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Why holiness matters

Finding Faith

We all love a God of love. We certainly appreciate a God of grace, mercy, kindness and forgiveness. But have you have ever given thought to the fact we NEED a God of holiness?

The reason is because we cannot understand God’s mercy and forgiveness until we first seek to understand His holiness. The word holy or holiness means “to be dedicated, consecrated or set apart for a certain purpose, to be pure, sacred.”

Our comprehension and understanding of the holiness of God, at least based on our natural senses, is certainly insufficient. Moses asks, “Who among the gods is like you, O Lord? Who is like you–majestic in holiness, awesome in glory, working wonders.” Exodus 15:11

The answer, of course, is no one! The holiness of God means God is separate, set apart, above everything and everyone that He has created. This also means everything associated with God is holy.

When God descended to Mount Sinai, demonstrating His power and holiness, He warned anyone touching the mountain would be put to death. Only Moses and Aaron were permitted on the mountain. Mount Sinai was “set apart as holy” in Exodus 19.

When priests, who served as scribes, copied portions of the Old Testament and came to the name Jehovah or Yahweh, they would actually stop, wash themselves and change their clothes because the name of God is holy.

As recorded in the Genesis account, God created everything in six days and then instituted a seventh day of rest. “Remember the Sabbath day and keep it holy.” Exodus 20

The Lord’s day is holy.

Today, in a culture of casualness, all of this seems so foreign, even weird, to us. Thankfully Jesus, who is perfectly holy, makes a way for us to be in relationship with a Holy God. “For our sake He made Him to be sin who knew no sin, so that in Him we might become the righteousness of God.” II Corinthians 5:21

We hear much today about God wants a relationship, not religion. That is very true! But people mistakenly confuse that, and even add to it, by saying God is interested only in relationships and not in holiness. That thinking is wrong, even dangerous.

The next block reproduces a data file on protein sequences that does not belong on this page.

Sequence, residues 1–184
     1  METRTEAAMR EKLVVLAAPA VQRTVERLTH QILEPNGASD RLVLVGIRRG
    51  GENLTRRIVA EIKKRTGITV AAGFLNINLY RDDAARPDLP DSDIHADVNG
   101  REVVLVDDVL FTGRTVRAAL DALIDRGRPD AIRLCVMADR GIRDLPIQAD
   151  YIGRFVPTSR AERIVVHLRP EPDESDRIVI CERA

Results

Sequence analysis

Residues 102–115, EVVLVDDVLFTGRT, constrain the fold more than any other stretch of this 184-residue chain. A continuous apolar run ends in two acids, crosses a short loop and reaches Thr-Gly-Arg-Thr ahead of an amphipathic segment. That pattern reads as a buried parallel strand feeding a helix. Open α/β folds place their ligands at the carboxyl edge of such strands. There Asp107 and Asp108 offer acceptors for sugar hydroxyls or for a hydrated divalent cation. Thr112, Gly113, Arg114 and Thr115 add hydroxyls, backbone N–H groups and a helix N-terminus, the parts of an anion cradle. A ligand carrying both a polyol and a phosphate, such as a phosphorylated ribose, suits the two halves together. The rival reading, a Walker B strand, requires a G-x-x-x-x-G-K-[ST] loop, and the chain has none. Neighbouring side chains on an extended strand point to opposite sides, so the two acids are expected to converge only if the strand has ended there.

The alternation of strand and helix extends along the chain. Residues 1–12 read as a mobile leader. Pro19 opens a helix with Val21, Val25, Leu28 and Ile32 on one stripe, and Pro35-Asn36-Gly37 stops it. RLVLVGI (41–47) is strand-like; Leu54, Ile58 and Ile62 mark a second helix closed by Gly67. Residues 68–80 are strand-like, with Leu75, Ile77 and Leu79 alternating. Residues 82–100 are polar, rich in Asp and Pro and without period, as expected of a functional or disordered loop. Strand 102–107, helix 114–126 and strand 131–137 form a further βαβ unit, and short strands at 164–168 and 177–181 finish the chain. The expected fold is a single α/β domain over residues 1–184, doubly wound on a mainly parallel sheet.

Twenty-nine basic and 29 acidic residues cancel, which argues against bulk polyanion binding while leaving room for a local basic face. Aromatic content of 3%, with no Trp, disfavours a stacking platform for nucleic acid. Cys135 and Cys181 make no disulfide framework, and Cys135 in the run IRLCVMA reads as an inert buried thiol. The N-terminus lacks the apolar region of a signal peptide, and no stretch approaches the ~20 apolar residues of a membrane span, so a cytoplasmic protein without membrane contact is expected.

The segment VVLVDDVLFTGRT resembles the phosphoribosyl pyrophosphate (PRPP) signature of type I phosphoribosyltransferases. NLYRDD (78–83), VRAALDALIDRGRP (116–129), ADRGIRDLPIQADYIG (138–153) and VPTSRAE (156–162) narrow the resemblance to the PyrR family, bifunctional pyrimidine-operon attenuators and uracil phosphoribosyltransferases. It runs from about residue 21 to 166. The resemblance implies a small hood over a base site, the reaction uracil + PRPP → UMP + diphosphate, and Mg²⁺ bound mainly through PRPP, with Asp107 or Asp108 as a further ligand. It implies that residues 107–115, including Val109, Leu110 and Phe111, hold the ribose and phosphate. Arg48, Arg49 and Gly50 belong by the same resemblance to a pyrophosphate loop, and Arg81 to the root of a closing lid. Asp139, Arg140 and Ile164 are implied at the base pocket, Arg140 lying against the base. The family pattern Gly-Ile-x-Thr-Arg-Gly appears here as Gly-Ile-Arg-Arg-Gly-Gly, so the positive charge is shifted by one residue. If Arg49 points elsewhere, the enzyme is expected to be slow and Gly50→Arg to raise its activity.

The Word of God is very clear that God actually established a rule for holiness… it’s called the Law; specifically, the Ten Commandments from Exodus 20 are at the center of instruction for God’s people. I John 2:3-4 “And by this we know that we have come to know Him, if we keep His commandments. Whoever says ‘I know Him’ but does not keep His commandments is a liar, and the truth is not in him.”

Think of it like this… God’s commands, rules and law are given as a means of grace so that we can grow in our holiness, godliness, love and affection for Him. We are actually instructed by God to “Be holy as I am holy.” I Peter 1:16

All of us know our pursuit of holiness in and of ourselves is impossible. Take for example the sixth commandment, “You shall not kill.” Pretty simple, pretty clear. Yet Jesus actually raises the bar of holiness when He teaches in Mathew 5:21-22 “You have heard that it was said to those of old, ‘You shall not murder; and whoever murders will be liable to judgment.’ But I say to you that everyone who is angry with his brother will be liable to judgment.” Do you understand? Even if you have not been guilty of murder, we ALL have been guilty of being angry with another person. Therefore, in light of God’s holiness, we still fall short.

Even our good intentions fall flat, as Isaiah 64:6 reminds us “our righteousness is like a filthy rag.” We actually deserve punishment as a result of our constant sin.

Remember when I said we cannot understand God’s mercy and forgiveness until we first try to get a grip on His holiness? Thankfully God “…became flesh and dwelt among us, and we have seen His glory, glory as of the only Son from the Father, full of grace and truth.” John 1:14

Jesus is the greatest example of holiness. We see this demonstrated when He “…emptied Himself, by taking the form of a servant, being born in the likeness of men. And being found in human form, He humbled himself by becoming obedient to the point of death, even death on a cross.” Philippians 2:7-8

Why does holiness matter? Holiness matters because it reminds us we are not and points us to Christ who is.

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Finding Faith is written by area pastors. This week’s column comes from Rev. Tim Boger, senior pastor of Big Woods Bible Church in Lock Haven.

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